A portion of this recording is a very large stack of photographs, each depicting a particular place and time not just of historical significance but also of the mundane. Assassinated politicians, warfare, meetings of diplomatic dignitaries, signings of peace treaties, birthday parties, grandmothers and their grandchildren, men arm in arm beer in hand, and sons key in hand to their first car. This is how we’ve recorded that human experience or as Berry puts it, “The community here is that of ’recorded human experience’ not the Pantheon of Great Writers. It is immense and diverse, more like the Library of Congress than the Harvard Five-Foot Shelf. But it does include the great writers. It is bewildering both in its amplitude and in the eminence of some of its members.” Both Garry Winogrand photographs and grandmother’s iPhone photographs are there. (One day iPhone photographs will be the tool of grandparents and it will be to some just as archaic a means of photography as drugstore film processing is today. All the same though, there will be photographs made, regardless of the medium through which they were produced.)

As members of this community we are asked to respond. Either to attack, not with the taking up arms, but with contemplation or we respond in celebration that our efforts are worthwhile and that there is good within us. And when we have given thought to our place within this history, knowing that our past is in communion with our future we are asked to write that future, contributing to who we will become or in the case of the photographer, we are to photograph and record who we are and who we are to become.

(Photo titled, Grandma Winnie by James Dewhirst)

Recognition Not Necessary

Notoriety does not equate success. In fact, it might even hinder successful, meaningful work. Even though I say it, I have a hard time believing this because it is admittedly difficult to seek out inspiration from those photographers I admire who have achieved notoriety AND success and not divorce their success from their notoriety. To attempt to mimic how they have had a successful career and not concern myself with how they have gained recognition for doing so.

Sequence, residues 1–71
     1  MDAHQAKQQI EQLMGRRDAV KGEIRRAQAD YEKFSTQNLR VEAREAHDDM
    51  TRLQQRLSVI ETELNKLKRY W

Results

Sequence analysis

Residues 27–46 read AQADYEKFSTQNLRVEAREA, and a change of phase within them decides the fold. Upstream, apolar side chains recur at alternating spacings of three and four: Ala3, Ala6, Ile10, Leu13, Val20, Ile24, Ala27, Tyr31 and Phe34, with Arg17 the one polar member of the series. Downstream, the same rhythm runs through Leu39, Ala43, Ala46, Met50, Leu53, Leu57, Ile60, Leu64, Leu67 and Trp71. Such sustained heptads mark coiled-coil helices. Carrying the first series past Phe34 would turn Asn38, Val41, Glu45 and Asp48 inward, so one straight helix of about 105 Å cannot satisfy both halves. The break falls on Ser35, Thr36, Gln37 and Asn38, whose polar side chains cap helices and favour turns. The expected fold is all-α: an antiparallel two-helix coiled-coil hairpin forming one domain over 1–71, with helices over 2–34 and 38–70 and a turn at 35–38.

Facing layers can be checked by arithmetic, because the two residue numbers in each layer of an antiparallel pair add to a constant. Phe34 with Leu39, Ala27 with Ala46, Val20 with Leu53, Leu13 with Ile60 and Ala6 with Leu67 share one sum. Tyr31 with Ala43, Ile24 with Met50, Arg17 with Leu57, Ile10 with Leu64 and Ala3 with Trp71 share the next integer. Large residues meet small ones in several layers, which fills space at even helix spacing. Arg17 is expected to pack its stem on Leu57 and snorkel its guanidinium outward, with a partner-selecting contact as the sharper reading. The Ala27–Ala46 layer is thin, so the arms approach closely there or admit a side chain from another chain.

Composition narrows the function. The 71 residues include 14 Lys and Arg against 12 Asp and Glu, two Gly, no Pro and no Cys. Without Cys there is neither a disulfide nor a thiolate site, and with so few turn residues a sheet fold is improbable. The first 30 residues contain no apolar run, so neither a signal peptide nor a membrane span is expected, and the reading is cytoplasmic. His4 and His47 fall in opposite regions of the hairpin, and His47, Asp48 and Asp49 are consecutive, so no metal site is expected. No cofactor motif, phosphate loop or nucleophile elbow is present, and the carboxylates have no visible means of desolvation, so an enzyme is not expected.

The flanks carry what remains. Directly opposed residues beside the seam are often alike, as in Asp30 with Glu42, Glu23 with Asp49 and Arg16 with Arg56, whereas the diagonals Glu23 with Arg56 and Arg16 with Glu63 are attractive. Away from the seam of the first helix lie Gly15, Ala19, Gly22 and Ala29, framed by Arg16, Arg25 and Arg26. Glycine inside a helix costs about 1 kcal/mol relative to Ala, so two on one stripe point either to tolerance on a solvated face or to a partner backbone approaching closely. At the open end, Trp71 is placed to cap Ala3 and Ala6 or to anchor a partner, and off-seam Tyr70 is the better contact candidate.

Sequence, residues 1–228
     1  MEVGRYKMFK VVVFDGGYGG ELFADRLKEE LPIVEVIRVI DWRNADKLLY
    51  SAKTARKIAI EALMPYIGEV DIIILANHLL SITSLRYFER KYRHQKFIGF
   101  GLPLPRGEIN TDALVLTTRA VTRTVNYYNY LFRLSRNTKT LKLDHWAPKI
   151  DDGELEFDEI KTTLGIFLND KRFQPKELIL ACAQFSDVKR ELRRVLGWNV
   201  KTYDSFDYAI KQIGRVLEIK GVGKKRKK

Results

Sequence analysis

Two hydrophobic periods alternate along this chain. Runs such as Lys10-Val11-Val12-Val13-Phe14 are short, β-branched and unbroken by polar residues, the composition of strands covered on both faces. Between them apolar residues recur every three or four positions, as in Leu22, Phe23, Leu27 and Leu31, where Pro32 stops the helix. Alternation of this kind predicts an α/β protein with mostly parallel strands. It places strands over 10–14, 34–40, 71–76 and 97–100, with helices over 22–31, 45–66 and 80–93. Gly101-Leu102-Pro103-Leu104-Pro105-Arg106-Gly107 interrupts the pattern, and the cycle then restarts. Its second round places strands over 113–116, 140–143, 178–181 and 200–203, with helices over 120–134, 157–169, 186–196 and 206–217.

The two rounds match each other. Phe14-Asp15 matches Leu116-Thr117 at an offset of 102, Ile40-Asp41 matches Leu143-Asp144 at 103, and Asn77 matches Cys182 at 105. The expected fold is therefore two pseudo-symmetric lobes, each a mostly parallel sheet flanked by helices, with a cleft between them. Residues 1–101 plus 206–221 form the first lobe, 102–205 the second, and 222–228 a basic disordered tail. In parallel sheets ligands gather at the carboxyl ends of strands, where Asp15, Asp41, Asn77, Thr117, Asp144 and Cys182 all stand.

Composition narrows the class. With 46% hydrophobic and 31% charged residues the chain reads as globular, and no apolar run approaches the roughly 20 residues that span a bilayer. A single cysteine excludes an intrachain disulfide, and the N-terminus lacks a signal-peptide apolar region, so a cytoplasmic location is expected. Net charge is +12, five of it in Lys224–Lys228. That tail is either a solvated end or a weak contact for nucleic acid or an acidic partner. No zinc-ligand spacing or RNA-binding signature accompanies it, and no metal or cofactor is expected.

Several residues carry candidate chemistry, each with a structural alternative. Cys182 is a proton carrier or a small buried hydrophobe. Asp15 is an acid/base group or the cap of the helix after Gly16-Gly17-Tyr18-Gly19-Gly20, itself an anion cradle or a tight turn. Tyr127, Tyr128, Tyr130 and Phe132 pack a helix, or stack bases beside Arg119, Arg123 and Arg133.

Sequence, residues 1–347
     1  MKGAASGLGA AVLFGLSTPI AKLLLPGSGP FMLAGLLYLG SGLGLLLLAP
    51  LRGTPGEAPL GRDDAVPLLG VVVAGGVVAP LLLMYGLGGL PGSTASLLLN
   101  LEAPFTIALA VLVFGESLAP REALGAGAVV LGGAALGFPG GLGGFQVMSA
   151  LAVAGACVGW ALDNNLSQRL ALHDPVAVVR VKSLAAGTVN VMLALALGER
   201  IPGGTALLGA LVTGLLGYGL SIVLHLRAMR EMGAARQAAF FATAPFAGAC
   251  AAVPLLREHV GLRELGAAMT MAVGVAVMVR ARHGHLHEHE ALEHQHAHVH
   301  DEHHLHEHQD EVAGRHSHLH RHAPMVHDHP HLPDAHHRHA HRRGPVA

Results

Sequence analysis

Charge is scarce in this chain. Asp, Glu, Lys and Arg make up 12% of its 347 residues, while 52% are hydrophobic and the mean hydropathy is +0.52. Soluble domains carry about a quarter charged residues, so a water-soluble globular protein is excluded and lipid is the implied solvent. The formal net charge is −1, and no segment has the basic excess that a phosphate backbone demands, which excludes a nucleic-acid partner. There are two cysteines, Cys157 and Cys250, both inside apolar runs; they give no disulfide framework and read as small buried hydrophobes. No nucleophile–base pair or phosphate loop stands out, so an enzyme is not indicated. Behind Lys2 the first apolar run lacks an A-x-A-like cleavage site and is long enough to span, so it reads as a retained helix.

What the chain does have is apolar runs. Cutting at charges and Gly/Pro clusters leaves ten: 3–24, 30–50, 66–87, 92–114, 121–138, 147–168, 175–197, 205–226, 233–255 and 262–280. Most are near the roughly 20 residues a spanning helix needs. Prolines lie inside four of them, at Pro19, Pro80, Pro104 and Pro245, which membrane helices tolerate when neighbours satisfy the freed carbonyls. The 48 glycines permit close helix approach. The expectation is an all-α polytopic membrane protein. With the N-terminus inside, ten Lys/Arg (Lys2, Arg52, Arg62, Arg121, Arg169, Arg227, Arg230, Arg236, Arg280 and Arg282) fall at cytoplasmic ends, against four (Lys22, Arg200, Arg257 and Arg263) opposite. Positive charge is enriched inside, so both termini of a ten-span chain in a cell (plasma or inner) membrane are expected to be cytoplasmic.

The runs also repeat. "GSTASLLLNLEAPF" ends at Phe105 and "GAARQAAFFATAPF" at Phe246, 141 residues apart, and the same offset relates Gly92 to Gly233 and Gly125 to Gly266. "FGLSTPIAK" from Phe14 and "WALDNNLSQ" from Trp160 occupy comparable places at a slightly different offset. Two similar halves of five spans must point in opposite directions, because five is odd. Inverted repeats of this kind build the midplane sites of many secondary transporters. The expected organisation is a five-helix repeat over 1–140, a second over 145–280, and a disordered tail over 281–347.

photograph by Robert Adams

I do not know if I believe photography can make someone a better person. But I do know good photographers are observant, conscientious, and mindful people. And I know being observant, conscientious, and mindful can lead to being a better person.

Society, the art world, and too many other constructs tell us that the individual is important to meaningful work, that to understand the art, we must understand the artist.  After 90’s grunge band Nirvana and Kurt Cobain’s death and the subsequent biographies, published personal diaries, and the dissection of his life, we then thought we understood what Nirvana meant.  As though the words he had written and the music he had composed meant nothing.  Granted, context helps us to understand from where the expression comes but still, we are obsessed with the individual.  I am sure in the coming months Amy Winehouse will receive the same treatment.

I am not sharing anything that hasn’t already been said or written: Roland Barthe’s The Death of the Author, Robert Adam’s essay on Edward Weston in Why People Photograph, or even this episode of Radiolab in which they discuss alcohol addiction treatments in Russia and how the problem is not within the individual, but within the substance.

I would like to reaffirm what I think to be a common sentiment throughout all these pieces… that meaning is not always derivative of the individual.  And to take that further to say, that meaning comes from creating work that allows the audience to better understand themselves instead of better understanding the artist.  For that, it takes a proletariate medium of sorts.  And in my biased opinion, there is perhaps no better suited for this than photography.